not so much a neighbourhood as a memory

What this crisis of capitalism looks like in one neighbourhood of my hometown.
At times, this stretch of 118th Avenue in South Jamaica, Queens, feels not so much like a neighborhood but a memory of one.

A red-brick house with overgrown weeds in the yard is boarded shut. A house with a dirty awning has a thick chain looping out from a hole in the door where a deadbolt once was. On the front window of a vacant property around the corner, someone has taped a sign warning that the water supply has been shut off and antifreeze added to the sinks and toilets.

Newton and Ronda Whyte have gotten used to living next door to no one. "Every two or three houses it's empty," said Ms. Whyte, 36, a nurse assistant. "It's not a good feeling. You see the weeds growing tall and the junk mail piling up."

This area at 118th Avenue and 153rd Street is at the center of New York's foreclosure crisis. About 28 percent of the homes in this working-class neighborhood just north of Kennedy Airport have been in some phase of foreclosure since 2004, and its census tract leads the city in foreclosure filings.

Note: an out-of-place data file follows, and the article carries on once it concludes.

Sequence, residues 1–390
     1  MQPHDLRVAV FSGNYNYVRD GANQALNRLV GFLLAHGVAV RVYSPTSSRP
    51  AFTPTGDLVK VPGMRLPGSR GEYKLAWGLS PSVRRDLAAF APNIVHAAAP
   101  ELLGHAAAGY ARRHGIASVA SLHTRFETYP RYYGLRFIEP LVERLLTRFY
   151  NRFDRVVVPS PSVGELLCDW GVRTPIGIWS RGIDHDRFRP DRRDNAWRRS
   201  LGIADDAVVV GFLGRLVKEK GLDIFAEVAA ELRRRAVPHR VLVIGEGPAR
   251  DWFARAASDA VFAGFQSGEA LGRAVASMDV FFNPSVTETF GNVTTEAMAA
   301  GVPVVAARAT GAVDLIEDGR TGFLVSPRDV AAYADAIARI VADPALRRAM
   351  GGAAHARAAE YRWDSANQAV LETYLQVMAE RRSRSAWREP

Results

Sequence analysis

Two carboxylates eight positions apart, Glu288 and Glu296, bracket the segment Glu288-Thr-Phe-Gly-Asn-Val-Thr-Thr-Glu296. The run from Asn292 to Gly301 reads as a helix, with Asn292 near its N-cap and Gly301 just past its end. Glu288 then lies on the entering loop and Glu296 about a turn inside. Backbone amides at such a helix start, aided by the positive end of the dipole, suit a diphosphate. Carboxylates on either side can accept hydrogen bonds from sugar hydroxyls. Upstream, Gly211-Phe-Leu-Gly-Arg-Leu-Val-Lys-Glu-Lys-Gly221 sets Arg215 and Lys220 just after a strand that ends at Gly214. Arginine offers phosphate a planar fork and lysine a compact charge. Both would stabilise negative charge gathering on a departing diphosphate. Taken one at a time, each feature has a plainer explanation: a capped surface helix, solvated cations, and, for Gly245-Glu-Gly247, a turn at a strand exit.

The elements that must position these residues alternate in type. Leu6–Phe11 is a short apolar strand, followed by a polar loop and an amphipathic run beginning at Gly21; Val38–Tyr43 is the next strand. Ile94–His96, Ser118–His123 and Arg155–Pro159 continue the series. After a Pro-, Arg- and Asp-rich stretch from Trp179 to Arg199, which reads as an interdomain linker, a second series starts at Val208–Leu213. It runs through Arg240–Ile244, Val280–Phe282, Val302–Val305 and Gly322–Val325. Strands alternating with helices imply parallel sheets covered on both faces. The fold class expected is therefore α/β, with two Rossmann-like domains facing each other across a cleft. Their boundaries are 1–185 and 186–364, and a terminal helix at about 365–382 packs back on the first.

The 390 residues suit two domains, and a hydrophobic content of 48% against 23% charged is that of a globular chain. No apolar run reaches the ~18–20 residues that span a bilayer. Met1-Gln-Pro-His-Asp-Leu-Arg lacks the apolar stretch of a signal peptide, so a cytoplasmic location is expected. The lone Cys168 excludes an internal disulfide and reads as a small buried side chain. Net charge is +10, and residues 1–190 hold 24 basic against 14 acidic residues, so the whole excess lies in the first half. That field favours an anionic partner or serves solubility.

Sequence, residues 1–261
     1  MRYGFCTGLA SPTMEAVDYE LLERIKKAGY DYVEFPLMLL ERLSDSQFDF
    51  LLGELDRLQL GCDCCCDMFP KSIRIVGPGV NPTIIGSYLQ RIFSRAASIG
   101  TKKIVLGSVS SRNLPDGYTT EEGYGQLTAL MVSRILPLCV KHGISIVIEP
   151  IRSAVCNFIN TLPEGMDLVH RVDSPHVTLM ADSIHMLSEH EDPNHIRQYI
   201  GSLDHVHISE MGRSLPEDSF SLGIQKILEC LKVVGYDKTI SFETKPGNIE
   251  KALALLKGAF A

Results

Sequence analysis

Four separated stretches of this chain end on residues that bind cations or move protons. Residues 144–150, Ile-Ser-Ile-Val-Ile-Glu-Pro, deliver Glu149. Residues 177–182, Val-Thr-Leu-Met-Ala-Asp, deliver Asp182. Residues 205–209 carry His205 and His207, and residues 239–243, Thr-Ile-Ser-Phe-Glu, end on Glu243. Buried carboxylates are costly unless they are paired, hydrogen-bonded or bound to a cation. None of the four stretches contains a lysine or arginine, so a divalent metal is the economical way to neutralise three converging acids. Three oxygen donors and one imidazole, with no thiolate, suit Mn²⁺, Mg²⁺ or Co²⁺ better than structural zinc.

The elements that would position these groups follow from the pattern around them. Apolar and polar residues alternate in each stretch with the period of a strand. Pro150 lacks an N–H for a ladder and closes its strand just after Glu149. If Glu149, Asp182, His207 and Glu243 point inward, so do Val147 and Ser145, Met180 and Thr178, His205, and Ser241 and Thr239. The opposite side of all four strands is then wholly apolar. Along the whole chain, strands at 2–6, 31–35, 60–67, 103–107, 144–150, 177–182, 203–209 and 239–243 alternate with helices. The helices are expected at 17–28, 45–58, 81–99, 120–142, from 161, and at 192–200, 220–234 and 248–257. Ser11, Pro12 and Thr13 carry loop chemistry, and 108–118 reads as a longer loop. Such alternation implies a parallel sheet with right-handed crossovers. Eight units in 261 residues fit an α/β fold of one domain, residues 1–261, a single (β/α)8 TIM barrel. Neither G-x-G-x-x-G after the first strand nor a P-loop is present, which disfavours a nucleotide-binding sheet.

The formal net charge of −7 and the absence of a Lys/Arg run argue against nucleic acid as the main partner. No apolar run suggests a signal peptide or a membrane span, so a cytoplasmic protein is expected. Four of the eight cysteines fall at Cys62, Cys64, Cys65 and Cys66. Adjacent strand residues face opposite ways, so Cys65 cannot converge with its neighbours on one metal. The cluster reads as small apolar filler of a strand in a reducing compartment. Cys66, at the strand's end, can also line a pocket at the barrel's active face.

More than two years ago, most homes here were occupied and the neighborhood was making strides against the drugs, violence and abandonment that had plagued it in the past, residents and merchants said. But today they mostly talk about decreasing property values, increasing crime, struggling small businesses and fraying community bonds. They talk of leaving, and wonder whose house is next.

"It's not even worth getting to know anybody because nobody is going to stay around anyway," said Fernando Espinal, 23, who grew up on 118th Avenue.

The gates are down for good at the Mega Deli Grocery at one end of the avenue. Pansy Johnson, who owns Yaad Food, a nearby Caribbean restaurant, said she often has to ask for a rent extension because her sales have decreased by nearly a third. And there have been two burglaries of empty homes in foreclosure this year in the area of 118th Avenue and 153rd Street, the police said.

The telltale signs that a house is empty come not from a bank or real estate agent, but pizzerias and Chinese takeout restaurants: The length of time a house has been abandoned can be measured by the number of old menus, fliers and junk mail that collects on doors and stoops.

Who will bail out these people?

More here.

No comments: